Massie Handouts Announced For Migrants

To assist migrant families staying in hotels, New York City will launch a groundbreaking pilot program worth $53 million. The initiative, which involves distributing prepaid credit cards, aims to replace the existing food service for 500 migrant families housed at the Roosevelt Hotel.

The program, as reported by The New York Post, not only offers families the flexibility to purchase fresh food and essential baby supplies that align with their cultural preferences but is projected to save the city over $600,000 per month, equivalent to more than $7.2 million annually.

The prepaid cards, exclusively redeemable at bodegas, grocery stores, supermarkets, and convenience stores, come with certain conditions. Migrants eligible for the program must sign an affidavit committing to spending the funds solely on food and baby supplies. Failure to comply will result in the loss of access to the funds.

The value loaded onto each prepaid card differs according to the family size and income level. For example, a four-person household might get around $1,000 monthly, which is about $35 per day for food expenses. These cards will be topped up every 28 days to provide families with steady assistance.

To bring this ambitious initiative to life, New York City has collaborated with Mobility Capital Finance, a company based in New Jersey. Wole Coaxum, the CEO and founder of Mobility Capital Finance, known as MoCaFi, shared his excitement about the partnership and highlighted their dedication to broadening access to financial services for people who encounter obstacles to conventional banking solutions.

If the pilot program proves successful with the initial 500 migrant families, city officials intend to expand it to accommodate all 15,000 migrant families currently residing in hotels.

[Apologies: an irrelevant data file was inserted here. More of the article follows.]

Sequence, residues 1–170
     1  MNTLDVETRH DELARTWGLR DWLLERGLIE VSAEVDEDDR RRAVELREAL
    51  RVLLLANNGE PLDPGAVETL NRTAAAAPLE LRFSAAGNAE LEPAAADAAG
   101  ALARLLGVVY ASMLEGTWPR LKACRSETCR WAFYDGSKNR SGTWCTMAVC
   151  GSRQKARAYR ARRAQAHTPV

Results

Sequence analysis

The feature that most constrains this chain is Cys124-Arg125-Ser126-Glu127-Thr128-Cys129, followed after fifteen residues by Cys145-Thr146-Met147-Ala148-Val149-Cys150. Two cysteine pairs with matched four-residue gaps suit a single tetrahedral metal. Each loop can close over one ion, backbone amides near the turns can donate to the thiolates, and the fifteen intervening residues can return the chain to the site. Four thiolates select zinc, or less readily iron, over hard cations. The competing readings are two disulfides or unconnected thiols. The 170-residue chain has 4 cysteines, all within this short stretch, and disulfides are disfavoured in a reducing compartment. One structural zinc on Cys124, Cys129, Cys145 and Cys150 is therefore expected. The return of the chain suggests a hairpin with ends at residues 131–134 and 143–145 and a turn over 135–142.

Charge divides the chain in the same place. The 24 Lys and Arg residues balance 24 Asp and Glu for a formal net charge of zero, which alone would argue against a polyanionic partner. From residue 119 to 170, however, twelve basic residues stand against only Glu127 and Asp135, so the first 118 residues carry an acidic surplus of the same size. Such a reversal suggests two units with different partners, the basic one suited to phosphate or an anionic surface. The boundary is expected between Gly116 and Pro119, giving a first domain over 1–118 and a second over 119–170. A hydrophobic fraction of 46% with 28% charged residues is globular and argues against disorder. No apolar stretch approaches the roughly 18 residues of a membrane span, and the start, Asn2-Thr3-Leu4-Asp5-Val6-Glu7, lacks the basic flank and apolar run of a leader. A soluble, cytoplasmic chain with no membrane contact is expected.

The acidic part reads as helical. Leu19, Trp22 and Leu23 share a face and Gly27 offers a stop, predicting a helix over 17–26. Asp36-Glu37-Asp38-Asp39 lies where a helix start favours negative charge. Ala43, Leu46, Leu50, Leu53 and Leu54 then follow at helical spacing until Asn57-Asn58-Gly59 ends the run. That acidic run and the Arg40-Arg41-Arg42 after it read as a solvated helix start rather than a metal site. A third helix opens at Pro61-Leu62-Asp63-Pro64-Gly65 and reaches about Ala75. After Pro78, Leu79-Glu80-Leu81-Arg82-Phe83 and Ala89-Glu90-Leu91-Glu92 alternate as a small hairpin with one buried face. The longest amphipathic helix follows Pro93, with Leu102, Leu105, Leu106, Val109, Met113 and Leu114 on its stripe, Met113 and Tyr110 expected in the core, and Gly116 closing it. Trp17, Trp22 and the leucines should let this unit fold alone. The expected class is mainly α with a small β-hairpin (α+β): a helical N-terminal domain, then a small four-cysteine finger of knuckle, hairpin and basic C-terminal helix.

The influx of more than 150,000 migrants since 2022 has substantially strained New York City’s resources, particularly in finding suitable housing. Texas Governor Greg Abbott’s decision to transport asylum-seekers to various cities, including New York, has further highlighted the challenges faced by border communities. Mayor Eric Adams has characterized the situation as a humanitarian crisis, estimating that providing food and housing for migrants will cost the city approximately $12 billion over three years.

Displaying a proactive approach to address the issue, Mayor Adams embarked on a tour of Latin America in October, aiming to dissuade potential migrants in Mexico, Colombia, and Ecuador from making the journey to New York City. His message emphasized that the city had reached its capacity to accommodate additional arrivals.

While the prepaid card program has received support from local authorities, critics argue that such initiatives and New York City’s sanctuary policies may inadvertently encourage further immigration. Knox County Mayor Glenn Jacobs, a former WWE wrestler, and Tennessee Republican, likened the situation to offering free admission and complimentary refreshments at an event, stating that it resembles current immigration policies.